Current Guidelines

No formal established guidelines or protocols are available regarding how to best manage malglycemia in patients undergoing cancer treatment. Oyer, Shah, and Bettenhausen (2006) offered an overview of approaches to the management of steroid-induced diabetes in patients with cancer, which ranged from the use of oral agents to insulin. Metformin (Glucophage®, Glumetza®, Glucophage XR®) has gained popularity for use in patients with cancer and diabetes, in part because of its reported protective effect (Simon & Balkau, 2010). An article by Brady, Grimes, Armstrong, and LoBiondo-Wood (2014) noted that the glycemic management of inpatients receiving steroids consisted primarily of insulin therapy. Jacob and Chowdhury (2015) suggested a variety of approaches to the management of diabetes, ranging from correction doses of insulin (if patient is not eating) to multiple-dose insulin therapy. Basal-bolus insulin therapy has been recommended for use in patients receiving high-dose steroids (Brady, Thosani, et al., 2014; Gosmanov, Goorha, Stelts, Peng, & Umpierrez, 2013). Although many are aware that hyperglycemia and diabetes in patients with cancer may lead to adverse outcomes, a lack of consensus exists, and wide variations in treatment algorithms are reportedly being used, indicating the need for the development of evidence-based standards of care.

Implications for Nursing and Conclusion

Prevention and early intervention is important because malglycemia, particularly hyperglycemia, has been shown to affect diagnostic imaging studies (Rabkin, Israel, & Keidar, 2010), alter response to treatment (Biernacka et al., 2013; Zeng et al., 2010), and influence progression of cancer (Duan et al., 2014; Ryu, Park, & Scherer, 2014). In addition, reviews of studies examining the impact of malglycemia have noted less than desirable health outcomes for patients who experience malglycemia (Olausson et al., 2014; Storey & Von Ah, 2015).

Malglycemia can be monitored using blood glucose meters or continuous glucose monitors, both of which require patient engagement to understand trends and patterns. Prevention, prompt recognition, and early intervention to regulate malglycemia can optimize the effects of cancer treatment, minimize the harmful consequences, and improve quality of life for patients with cancer.


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About the Author(s)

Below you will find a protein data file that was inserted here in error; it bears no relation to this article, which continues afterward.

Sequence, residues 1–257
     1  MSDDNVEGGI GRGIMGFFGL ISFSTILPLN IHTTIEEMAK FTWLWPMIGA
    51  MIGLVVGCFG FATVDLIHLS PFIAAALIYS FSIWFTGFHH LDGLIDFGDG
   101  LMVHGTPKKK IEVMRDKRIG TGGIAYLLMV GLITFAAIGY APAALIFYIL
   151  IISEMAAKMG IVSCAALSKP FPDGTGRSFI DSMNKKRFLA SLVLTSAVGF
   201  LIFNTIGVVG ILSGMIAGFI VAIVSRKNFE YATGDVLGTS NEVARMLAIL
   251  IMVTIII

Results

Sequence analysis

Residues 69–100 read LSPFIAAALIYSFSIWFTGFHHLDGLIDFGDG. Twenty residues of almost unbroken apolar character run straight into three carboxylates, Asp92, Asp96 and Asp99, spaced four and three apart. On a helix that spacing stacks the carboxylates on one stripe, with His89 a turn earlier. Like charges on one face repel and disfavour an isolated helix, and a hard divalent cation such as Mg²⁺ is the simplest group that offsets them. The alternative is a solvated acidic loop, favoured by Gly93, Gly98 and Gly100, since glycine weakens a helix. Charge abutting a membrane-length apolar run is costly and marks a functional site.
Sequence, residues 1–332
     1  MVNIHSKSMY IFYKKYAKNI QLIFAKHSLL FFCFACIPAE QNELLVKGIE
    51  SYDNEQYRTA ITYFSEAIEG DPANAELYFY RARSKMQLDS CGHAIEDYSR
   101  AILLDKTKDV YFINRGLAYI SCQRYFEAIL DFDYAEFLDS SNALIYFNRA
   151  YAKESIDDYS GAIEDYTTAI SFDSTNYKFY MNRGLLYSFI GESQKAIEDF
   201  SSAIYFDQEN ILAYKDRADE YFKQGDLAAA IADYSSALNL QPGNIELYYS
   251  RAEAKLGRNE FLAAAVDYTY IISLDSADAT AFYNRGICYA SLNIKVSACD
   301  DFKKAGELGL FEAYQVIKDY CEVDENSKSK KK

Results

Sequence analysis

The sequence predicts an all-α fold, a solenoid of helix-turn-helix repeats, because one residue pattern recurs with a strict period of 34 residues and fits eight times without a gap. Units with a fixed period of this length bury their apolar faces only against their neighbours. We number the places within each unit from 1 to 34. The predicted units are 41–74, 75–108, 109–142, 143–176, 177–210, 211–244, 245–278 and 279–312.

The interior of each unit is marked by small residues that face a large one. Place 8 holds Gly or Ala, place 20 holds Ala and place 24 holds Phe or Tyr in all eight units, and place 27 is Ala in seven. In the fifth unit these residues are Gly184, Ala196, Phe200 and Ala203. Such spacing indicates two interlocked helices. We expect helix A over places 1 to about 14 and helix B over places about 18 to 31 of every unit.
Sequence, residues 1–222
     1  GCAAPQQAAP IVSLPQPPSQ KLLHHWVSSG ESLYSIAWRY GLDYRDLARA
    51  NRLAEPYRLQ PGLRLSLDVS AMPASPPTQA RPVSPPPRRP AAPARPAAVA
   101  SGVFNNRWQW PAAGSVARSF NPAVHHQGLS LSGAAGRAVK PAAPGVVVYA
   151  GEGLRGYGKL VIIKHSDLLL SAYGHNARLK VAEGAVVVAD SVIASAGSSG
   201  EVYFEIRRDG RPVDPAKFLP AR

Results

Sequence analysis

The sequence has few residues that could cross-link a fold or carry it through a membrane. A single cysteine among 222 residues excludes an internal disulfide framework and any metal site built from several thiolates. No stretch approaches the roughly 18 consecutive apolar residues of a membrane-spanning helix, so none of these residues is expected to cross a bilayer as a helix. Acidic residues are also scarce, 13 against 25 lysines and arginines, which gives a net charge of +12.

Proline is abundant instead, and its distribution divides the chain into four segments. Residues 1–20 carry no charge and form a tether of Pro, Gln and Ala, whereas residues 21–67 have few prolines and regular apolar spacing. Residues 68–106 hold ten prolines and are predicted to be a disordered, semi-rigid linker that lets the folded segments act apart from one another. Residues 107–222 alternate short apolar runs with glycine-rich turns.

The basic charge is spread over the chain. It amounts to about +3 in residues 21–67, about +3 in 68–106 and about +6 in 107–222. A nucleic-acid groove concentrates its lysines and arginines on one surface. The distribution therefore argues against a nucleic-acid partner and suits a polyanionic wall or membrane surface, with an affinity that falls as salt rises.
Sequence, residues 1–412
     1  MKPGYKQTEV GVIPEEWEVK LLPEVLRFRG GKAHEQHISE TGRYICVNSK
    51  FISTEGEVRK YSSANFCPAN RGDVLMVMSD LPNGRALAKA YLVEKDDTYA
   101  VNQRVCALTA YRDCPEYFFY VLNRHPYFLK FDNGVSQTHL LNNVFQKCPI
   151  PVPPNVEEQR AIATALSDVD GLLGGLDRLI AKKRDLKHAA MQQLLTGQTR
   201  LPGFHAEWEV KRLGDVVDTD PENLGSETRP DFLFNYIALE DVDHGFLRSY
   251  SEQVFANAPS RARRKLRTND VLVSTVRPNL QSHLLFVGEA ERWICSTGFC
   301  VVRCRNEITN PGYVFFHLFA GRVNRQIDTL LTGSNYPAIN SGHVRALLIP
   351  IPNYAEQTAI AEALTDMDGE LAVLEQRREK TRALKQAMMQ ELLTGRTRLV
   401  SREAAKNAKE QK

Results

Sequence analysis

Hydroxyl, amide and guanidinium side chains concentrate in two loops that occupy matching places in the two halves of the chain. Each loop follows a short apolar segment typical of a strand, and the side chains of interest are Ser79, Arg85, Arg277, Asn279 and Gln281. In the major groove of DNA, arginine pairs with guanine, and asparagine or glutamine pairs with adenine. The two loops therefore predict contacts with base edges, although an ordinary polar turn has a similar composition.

Susan Storey, PhD, RN, AOCNS®, is a research scientist in the School of Nursing at Indiana University in Indianapolis; Veronica J. Brady, PhD, FNP-BC, BCADM, CDE, is a nurse practitioner in the Department of Internal Medicine at the University of Nevada in Reno; Ashley Leak Bryant, PhD, RN-BC, OCN®, is an assistant professor in the College of Nursing at the University of North Carolina–Chapel Hill; Ellen D. Davis, MS, RN, CDE, FAADE, is a diabetes clinical nurse specialist at the Duke University Health System in Durham, NC; Marilyn J. Hammer, PhD, DC, RN, is an assistant professor in the College of Nursing at New York University in New York; Denise Soltow Hershey, PhD, FNPBC, is an assistant professor in the College of Nursing at Michigan State University in East Lansing; Jill Olausson, MSN, BSN, CDE, is an assistant professor in the School of Nursing at Azusa Pacific University in California; and Jane Jeffrie Seley, DNP, MSN, MPH, GNP, BC-ADM, CDE, CDTC, FAAN, is a diabetes nurse practitioner in the Weill Cornell Medical Center at New York–Presbyterian Hospital in New York, NY. The authors take full responsibility for the content of the article. The authors did not receive honoraria for this work. No financial relationships relevant to the content of this article have been disclosed by the authors or editorial staff. Mention of specific products and opinions related to those products do not indicate or imply endorsement by the Clinical Journal of Oncology Nursing or the Oncology Nursing Society. Storey can be reached at sustorey@iu.edu, with copy to editor at CJONEditor@ons.org.